What: All Issues : War & Peace : US Intervention in Afghanistan and/or Pakistan : (H.R.2410) On the Brown-Waite of Florida Amendment, which would have prevented the distribution in the U.S. of a film, titled “A Fateful Harvest” that examined the narcotics industry in Afghanistan (2009 house Roll Call 324)
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(H.R.2410) On the Brown-Waite of Florida Amendment, which would have prevented the distribution in the U.S. of a film, titled “A Fateful Harvest” that examined the narcotics industry in Afghanistan
house Roll Call 324     Jun 10, 2009
Progressive Position:
Nay
Progressive Result:
Win

H.R. 2410, the Foreign Relations Authorization Act, included a provision that waived the historic ban against disseminating U.S. public diplomacy (propaganda) materials within the United States in order to make the film “A Fateful Harvest'' available for U.S. viewing. The film dealt with the poppy growing, opium production, trafficking, law enforcement efforts, the harmful health effects of drugs, and the difficulties facing both the Afghan Government and U.S. governments in dealing with these matters. It was produced by the Voice of America, a government-funded service that broadcasts programs designed to develop a positive view of the HYPERLINK "http://simple.wikipedia.org/wiki/United_States" \o "United States" United States in other countries. These programs are broadcast in many languages and are not intended for an American audience.

This was a vote on an amendment offered by Rep. Brown-Waite (R-FL) that would have prevented the domestic distribution of the film. Rep. Brown-Waite began her argument in support of her amendment by noting that “America is facing unprecedented trillion-dollar deficits, a ballooning national debt and steady-growing entitlement obligations. Yet, each and every time the House comes together to consider spending bills, evidence abounds that very few tough choices are being made.”

She then went on to say: “(I)n a perfect world where the United States is flush with money, very few spending ideas don't hold some merit. But simply having merit does not mean the American people have enough money to pay for it, nor do they have enough money around to fund this (and) . . . spending taxpayer dollars for the domestic distribution of a documentary film in a foreign affairs bill is not what the taxpayers need most at this time.”

Brown-Waite then pointed out that “laws have been on the books for 60 years that prohibit the executive branch from distributing government-sponsored information campaigns domestically.” She added that, if someone in the U.S. did want to see it, the film is on the Internet “and yet we have this in the appropriations bill.”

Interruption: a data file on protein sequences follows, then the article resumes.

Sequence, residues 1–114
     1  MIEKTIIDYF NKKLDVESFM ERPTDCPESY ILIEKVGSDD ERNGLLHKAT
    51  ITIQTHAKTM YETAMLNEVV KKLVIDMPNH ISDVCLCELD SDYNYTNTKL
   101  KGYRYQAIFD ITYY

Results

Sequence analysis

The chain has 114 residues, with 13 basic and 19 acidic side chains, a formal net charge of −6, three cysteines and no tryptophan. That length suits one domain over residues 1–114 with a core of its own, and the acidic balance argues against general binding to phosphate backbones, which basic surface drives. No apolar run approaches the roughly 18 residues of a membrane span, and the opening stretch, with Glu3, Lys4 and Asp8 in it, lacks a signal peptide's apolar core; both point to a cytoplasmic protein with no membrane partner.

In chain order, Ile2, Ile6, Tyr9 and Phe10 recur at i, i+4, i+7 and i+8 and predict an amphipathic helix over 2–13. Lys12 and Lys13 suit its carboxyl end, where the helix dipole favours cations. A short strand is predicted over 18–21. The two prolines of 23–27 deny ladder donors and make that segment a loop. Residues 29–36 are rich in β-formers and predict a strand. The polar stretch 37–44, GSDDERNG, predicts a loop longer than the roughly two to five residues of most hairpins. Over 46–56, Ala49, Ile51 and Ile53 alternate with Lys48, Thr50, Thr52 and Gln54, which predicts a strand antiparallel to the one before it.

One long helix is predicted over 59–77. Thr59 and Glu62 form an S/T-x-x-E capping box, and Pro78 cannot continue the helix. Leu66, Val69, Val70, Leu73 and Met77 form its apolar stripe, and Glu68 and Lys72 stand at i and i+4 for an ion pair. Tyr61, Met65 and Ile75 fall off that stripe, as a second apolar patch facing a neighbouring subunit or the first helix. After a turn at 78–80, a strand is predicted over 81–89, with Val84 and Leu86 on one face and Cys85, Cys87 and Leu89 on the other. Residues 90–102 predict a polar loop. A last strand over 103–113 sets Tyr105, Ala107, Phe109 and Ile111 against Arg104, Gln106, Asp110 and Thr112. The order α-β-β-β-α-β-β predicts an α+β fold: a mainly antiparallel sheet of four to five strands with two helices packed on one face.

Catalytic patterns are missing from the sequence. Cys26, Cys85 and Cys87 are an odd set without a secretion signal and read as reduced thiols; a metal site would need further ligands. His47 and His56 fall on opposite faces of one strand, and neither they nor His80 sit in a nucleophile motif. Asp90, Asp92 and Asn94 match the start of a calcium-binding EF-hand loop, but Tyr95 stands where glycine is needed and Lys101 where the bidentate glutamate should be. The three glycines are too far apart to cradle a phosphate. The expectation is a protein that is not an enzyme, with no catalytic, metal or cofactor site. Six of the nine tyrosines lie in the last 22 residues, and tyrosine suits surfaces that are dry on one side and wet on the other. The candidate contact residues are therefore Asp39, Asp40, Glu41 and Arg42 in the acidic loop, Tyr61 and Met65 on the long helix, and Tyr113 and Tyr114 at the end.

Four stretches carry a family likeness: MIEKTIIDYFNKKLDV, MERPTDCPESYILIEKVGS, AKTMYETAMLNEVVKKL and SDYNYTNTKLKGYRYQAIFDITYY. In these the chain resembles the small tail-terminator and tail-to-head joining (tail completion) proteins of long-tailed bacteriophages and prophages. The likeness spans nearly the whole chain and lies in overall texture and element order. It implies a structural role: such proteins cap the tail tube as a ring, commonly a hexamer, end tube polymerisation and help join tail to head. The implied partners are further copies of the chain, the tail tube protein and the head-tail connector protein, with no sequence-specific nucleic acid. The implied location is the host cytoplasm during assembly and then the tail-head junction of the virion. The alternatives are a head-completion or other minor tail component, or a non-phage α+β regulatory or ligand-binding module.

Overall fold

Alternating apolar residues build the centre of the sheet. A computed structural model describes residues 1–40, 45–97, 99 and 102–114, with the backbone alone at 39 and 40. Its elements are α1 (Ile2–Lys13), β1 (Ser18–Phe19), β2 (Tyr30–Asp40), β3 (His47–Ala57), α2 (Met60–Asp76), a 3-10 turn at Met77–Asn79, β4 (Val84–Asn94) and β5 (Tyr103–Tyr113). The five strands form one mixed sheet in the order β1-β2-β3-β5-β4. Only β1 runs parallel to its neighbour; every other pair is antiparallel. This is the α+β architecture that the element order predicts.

Rep. Scott (D-GA), who opposed the amendment noted that “on many occasions . . . Congress has passed legislation to waive the domestic dissemination ban . . . to make a film available for public viewing in the United States. It is a simple matter with many precedents. This should be one of those occasions.”  

Rep. Klein (D-FL) opposed the amendment because, he said, it “would disallow . . . a documentary that exposes the poppy trade that the Taliban has used to imprison the Afghan people, from broad distribution.  Klein argued that the intent of the usual prohibition on the domestic distribution of such films “was that a U.S. Government agency should not be able to brainwash Americans or put things out there that would not be considered objective information (but) . . . This particular movie, ‘Fateful Harvest’, is important for any American who's concerned about our national security. In a time when some Americans question the presence of American troops in Afghanistan, this film makes the case that American efforts help the Afghan people transition away from poppies to other agriculture helps in our fight against the Taliban.”

The amendment was defeated on a vote of 178-254. One hundred and sixty-six Republicans and twelve Democrats voted “aye”. Two hundred and forty-three Democrats and eleven Republicans voted “nay”. As a result, the effort to prevent the distribution in the U.S. of a film that examined the narcotics industry in Afghanistan was not successful.

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